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Sea of Studies Doesn't Help Restoration of Great Lakes

Lake Huron and the rest of the Great Lakes face many threats that officials are asking the federal government to help address.
Lake Huron and the rest of the Great Lakes face many threats that officials are asking the federal government to help address. (By John L. Russell -- Associated Press)

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By Peter Slevin and Kari Lydersen
Washington Post Staff Writers
Sunday, October 30, 2005

CHICAGO, Oct. 29 -- From the algae blooms in Lake Erie to the invading zebra mussels in Lake Michigan, threats to the Great Lakes ecology stretch from A to Z. That would include B for bacteria, M for mercury and T for toxic spills.

Chicago beaches close routinely because of E. coli contamination. Advisories are in place about eating fish contaminated with dangerous chemicals. Environmental advocates warn about sewage overflows, water diversion and the increasing demands of a thirsty population.

After many years of haphazard government stewardship, a broad study effort convened by the administration discovered much agreement on the vast water system's troubles. The problem is the cost. A draft report released in July suggested spending $20 billion in the coming years -- several times more than current expenditures, and more than influential members of the Bush administration consider affordable.

Although formal conclusions are not due until December, skeptical Republicans and Democrats are already questioning the commitment of the White House and its congressional allies -- not least because of the huge demands of the Iraq war and the rebuilding of the Gulf Coast.

"We want to see action," said Rep. Mark S. Kirk (R-Ill.), who reported that 140,000 women in Illinois alone showed elevated levels of mercury. To end the administration study effort with merely a series of poorly funded recommendations, he said, would "make it a waste of time."

Rep. Rahm Emanuel (D-Ill.), who joined Kirk in developing a $4 billion Great Lakes cleanup bill now stalled in Congress, said the administration has spent $4.5 billion on water projects in Iraq.

"This is not a mystery anymore. We know what needs to be done," Emanuel said. "The Great Lakes has gotten nine studies in four years from this administration, and Iraq has gotten $4.5 billion. Give Iraq the studies, and we'll take the money."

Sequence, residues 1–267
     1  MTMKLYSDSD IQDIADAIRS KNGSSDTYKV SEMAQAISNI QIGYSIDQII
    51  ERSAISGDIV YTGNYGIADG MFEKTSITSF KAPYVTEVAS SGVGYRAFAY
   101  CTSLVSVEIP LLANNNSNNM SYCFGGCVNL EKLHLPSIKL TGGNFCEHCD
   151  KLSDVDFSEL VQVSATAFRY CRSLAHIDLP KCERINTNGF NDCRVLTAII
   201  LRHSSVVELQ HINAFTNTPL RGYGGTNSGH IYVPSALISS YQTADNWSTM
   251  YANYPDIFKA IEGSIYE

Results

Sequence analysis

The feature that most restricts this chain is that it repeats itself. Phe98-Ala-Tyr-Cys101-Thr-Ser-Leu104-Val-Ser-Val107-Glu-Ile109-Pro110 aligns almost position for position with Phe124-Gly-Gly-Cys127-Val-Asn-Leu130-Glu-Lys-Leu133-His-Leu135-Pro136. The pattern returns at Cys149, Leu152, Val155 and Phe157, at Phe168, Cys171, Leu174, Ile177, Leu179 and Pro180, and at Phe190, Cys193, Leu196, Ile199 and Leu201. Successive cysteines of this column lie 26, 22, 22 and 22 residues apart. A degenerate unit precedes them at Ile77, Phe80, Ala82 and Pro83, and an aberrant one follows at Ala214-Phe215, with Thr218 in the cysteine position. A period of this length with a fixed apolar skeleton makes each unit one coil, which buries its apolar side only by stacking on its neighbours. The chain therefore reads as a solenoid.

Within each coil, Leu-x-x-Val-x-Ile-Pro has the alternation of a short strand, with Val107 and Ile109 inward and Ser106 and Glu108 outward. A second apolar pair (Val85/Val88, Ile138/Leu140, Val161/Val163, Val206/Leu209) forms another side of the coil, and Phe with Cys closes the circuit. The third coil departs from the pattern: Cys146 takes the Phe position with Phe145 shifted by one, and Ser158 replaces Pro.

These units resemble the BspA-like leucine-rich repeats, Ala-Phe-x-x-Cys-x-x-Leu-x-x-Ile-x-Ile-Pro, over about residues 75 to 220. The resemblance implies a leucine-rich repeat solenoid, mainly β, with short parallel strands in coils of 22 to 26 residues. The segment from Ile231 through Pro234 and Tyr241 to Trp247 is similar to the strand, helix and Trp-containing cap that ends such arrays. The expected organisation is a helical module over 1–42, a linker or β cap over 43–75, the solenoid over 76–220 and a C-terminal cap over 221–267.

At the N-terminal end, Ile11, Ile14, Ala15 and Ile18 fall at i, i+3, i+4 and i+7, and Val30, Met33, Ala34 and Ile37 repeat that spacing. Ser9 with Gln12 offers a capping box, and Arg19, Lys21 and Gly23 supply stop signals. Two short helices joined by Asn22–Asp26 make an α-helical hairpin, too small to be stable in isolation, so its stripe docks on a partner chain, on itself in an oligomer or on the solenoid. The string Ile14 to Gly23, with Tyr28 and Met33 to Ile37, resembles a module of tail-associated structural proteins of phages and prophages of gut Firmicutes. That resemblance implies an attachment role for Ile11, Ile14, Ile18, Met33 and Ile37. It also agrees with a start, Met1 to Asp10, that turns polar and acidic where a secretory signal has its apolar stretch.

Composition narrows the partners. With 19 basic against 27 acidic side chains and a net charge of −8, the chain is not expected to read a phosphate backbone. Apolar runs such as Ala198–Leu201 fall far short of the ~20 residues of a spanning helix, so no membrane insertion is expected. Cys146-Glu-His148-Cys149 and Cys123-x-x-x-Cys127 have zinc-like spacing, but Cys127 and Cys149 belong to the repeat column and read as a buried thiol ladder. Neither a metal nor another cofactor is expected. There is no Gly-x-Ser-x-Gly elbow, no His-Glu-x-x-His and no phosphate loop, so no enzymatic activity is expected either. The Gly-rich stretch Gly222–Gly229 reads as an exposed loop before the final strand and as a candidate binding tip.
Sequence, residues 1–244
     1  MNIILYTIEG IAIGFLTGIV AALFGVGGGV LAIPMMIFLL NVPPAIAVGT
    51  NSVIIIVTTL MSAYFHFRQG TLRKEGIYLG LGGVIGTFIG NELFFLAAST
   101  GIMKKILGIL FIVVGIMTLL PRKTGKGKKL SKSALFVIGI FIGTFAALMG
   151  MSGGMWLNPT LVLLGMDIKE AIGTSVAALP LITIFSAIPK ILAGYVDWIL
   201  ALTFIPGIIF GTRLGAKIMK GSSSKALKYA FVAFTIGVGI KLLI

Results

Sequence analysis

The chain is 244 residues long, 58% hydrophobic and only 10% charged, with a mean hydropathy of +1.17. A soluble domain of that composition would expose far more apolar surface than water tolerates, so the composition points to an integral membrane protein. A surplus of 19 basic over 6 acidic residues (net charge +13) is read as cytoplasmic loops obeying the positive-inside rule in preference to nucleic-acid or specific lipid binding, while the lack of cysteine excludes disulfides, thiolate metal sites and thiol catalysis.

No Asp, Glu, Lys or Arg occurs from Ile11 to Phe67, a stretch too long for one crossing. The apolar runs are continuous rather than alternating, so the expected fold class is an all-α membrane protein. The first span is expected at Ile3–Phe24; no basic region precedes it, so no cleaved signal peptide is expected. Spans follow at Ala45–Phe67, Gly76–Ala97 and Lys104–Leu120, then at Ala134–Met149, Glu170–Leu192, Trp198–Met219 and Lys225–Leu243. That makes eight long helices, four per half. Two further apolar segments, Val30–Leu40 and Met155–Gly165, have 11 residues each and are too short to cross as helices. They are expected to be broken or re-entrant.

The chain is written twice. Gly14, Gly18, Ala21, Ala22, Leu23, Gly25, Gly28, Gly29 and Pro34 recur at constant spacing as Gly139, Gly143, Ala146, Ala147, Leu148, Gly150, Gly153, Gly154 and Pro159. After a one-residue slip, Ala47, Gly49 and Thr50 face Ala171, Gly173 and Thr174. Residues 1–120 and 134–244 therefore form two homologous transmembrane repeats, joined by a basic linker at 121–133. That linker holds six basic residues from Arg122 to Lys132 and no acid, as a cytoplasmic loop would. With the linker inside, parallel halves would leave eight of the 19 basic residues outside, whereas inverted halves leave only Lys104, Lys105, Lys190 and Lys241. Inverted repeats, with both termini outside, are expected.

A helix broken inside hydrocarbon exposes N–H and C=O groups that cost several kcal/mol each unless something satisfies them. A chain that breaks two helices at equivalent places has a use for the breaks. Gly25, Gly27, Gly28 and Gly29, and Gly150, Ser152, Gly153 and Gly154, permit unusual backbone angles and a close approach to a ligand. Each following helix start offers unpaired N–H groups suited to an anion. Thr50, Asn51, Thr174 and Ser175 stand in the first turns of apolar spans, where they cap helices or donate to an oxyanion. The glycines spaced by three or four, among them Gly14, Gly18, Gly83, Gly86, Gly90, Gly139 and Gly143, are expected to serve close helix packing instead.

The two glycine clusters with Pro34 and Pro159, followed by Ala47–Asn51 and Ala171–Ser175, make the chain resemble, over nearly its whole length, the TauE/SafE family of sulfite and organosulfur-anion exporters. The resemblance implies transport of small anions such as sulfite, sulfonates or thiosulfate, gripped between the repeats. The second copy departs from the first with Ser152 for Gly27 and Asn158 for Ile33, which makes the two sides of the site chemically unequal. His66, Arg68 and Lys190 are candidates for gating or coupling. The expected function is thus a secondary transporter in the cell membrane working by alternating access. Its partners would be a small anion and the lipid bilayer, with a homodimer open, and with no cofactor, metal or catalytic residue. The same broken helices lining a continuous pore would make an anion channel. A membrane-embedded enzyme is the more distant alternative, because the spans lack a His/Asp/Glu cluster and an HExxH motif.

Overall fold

The worries of Kirk and Emanuel are reinforced by a memorandum recently assembled by the Great Lakes Interagency Task Force, a committee of federal officials who will report to President Bush. The group praised existing efforts and said it has "serious concerns" with the July 2005 proposals and called for a strategy that "focuses on what can be accomplished within current budget projections."

In an earlier draft of the memorandum, a pledge to "redouble" U.S. efforts was replaced with "refocus" and "prioritize." Removed entirely is the sentence, "If any of the strategic plan's goals cannot be accomplished within current resources, the federal government should work with its partners to ensure the appropriate sharing of responsibilities."

"This memo shows that the administration is turning its back on the Great Lakes," charged Cameron Davis, executive director of the Alliance for the Great Lakes. "A position that we need no new resources and can somehow simply shuffle things around and restore the Great Lakes is wrongheaded."

Indeed, administration officials have already cautioned advocates not to expect too much. The message is that the December report, a consensus view of 1,500 people from all levels of government, advocacy groups and business interests, will be considered a series of recommendations, not definitive policy. Money will be limited.

"We really have to come up with what's realistic and pragmatic. The overall budget picture is something that's part of this," said Gary Gulezian, who directs the Great Lakes efforts of the Environmental Protection Agency.


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